By Eric Cox


PORTAGE PARK, Ill. (CBS) — Gov. JB Pritzker has granted clemency to U.S. Army veteran Miguel Perez Jr., who immigrated to Illinois as a child, the governor’s office said Friday. Perez served 7.5 years for a “non-violent offense” and was deported to Mexico in 2018.

Miguel Perez (Photo supplied to CBS)

Perez joined the Army in 2002 and served two tours as a Special Forces mechanic in Afghanistan, where he suffered a traumatic brain injury after being injured in an explosion, according to Pritzker’s office.

He still requires medical treatment for post-traumatic stress disorder following his service. That led him to make some poor decisions, his attorney Chris Bergin said in 2017.

Perez was a legal resident, and his service was supposed to provide him an expedited path to citizenship under a 2002 Executive Order by President George W. Bush, but that did not happen “due to oversight,” according to a release from the governor’s office.

After Perez was released from prison for a felony drug conviction in September 2016 he petition the Illinois Prisoner Review Board, arguing that a pardon might prevent his deportation. According to Pritzker’s office, the board recommended clemency in April 2017, but then-Gov. Bruce Rauner denied the petition in February 2018.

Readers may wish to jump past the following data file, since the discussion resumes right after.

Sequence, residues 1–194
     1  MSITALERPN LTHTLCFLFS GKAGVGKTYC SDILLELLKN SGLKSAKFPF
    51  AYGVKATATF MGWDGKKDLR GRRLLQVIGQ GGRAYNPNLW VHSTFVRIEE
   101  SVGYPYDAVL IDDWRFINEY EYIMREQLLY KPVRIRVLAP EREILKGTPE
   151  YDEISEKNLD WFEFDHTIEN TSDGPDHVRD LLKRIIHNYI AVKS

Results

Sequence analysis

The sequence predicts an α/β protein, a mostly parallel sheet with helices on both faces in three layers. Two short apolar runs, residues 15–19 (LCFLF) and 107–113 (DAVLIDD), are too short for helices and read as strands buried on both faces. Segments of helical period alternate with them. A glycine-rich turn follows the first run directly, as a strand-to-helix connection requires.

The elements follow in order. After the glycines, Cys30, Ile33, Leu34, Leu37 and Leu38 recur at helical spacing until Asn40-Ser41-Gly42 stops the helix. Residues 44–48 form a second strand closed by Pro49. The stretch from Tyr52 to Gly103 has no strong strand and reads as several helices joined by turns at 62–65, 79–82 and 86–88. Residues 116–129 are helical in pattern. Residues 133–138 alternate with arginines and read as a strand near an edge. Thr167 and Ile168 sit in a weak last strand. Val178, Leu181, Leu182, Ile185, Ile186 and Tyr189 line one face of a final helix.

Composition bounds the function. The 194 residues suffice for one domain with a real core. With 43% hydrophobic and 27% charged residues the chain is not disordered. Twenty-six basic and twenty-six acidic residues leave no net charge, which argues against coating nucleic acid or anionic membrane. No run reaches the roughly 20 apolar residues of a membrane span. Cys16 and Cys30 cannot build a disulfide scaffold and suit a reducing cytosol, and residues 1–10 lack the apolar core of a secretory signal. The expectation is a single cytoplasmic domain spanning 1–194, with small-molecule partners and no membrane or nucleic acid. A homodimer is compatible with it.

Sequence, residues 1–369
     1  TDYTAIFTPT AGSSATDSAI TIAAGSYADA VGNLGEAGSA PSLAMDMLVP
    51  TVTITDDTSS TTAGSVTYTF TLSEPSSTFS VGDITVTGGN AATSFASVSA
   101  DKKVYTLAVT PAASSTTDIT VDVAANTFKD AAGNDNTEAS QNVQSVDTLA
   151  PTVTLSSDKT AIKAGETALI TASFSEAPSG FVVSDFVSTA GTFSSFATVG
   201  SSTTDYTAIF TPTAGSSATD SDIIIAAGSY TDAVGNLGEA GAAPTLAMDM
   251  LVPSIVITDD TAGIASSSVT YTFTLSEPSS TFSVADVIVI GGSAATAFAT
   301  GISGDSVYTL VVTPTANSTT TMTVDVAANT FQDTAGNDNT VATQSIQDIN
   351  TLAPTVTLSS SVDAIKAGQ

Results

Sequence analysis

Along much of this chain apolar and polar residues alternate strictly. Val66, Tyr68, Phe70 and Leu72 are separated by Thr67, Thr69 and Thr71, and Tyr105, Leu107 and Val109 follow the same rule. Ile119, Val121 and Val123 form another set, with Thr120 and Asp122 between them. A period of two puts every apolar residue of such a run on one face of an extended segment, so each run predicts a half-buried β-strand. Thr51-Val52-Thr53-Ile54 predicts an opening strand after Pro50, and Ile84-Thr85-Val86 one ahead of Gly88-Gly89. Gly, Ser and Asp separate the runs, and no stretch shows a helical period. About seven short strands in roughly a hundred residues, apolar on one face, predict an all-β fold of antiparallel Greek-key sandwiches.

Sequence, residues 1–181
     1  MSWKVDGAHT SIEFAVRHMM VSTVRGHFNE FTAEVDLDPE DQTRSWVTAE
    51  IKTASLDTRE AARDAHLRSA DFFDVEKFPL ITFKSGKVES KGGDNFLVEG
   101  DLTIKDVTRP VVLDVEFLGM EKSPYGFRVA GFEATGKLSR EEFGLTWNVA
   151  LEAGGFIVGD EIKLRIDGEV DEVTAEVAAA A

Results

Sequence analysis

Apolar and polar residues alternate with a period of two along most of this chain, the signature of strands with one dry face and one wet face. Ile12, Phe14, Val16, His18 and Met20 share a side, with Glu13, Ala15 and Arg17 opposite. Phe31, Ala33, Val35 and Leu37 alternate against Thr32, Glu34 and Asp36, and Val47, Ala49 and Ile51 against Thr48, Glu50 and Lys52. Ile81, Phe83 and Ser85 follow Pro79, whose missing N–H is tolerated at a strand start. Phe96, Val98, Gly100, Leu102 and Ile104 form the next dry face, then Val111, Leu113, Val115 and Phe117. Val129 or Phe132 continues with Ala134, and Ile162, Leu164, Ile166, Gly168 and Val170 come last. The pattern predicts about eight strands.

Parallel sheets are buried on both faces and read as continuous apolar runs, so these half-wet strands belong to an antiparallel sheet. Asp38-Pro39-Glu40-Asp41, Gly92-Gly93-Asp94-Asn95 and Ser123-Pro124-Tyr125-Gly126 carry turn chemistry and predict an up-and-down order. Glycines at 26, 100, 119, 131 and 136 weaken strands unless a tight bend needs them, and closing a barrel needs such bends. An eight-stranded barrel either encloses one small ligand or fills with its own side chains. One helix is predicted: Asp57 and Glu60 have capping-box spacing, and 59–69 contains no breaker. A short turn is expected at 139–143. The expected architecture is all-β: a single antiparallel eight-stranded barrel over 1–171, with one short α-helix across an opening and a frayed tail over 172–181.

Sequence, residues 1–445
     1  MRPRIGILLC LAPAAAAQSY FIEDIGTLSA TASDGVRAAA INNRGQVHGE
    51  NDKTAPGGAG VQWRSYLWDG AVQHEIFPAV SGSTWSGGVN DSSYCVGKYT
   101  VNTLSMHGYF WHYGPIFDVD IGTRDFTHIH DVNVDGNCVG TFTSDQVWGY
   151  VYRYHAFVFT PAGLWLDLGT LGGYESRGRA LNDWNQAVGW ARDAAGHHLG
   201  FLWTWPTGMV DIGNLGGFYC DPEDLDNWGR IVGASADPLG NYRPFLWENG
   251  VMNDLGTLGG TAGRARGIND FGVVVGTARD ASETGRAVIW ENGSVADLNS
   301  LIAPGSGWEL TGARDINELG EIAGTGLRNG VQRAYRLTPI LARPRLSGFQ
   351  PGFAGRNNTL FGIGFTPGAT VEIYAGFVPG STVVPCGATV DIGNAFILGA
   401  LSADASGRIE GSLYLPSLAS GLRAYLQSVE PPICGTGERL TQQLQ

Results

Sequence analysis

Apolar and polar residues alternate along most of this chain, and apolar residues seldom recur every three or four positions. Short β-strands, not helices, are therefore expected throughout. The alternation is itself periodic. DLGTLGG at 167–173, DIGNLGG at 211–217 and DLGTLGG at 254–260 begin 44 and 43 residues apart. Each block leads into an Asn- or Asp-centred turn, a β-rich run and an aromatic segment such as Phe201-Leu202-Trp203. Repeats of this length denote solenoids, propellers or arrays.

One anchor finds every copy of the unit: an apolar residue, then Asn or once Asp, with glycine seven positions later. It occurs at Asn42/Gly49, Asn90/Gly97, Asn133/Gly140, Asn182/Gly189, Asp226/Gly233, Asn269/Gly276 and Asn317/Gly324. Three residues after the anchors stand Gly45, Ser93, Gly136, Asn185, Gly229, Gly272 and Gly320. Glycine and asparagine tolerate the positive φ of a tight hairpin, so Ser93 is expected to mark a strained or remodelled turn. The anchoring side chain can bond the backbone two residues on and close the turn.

“Perez was deported in March 2018 without prior contact with his family, left at the Mexican border nearly penniless without clothing or shelter,” the release stated.

He had not been back to Mexico since he entered the U.S. when he was 8 years old.

“Miguel Perez should not have been deported. The bigoted immigration policy of President Trump and failed leadership of former Governor Rauner have caused unfortunate circumstances for a U.S. veteran who served two tours in Afghanistan,” said Gov. JB Prtitzker. “In evaluating this request for clemency, I recognize this pardon is not a perfect solution, but it is the most just action to take to allow a U.S. veteran the opportunity to be treated fairly by the country he served.”

Perez’s family, including two children and parents, live in Illinois and are U.S. citizens, according to Pritzker’s office.

“I’m crying a lot, a lot,” said Perez’s mother, Esperanza Perez. “Sometimes I’m very angry.  say, ‘God, when? When?'”

But her answer may be close after the governor’s decision.

“This opened the door for my son,” she said.

Perez Jr.’s criminal slate has been wiped clean in Illinois, but his conviction still stands federally because it is drug-related. This means there are more hurdles for him to climb before coming back to America.

“It’s just indescribable,” Perez Jr. said. “Being away from my family and everything that I love, my community, my home. It’s just like being trapped. I fought for my homeland, which is America, which is Chicago, which is Illinois. Now, to be sitting here, it’s just … no.”

Perez Jr.’s attorney said he has a meeting with federal officials set for Sept. 3. as they continue to fight for his return.

Eric Cox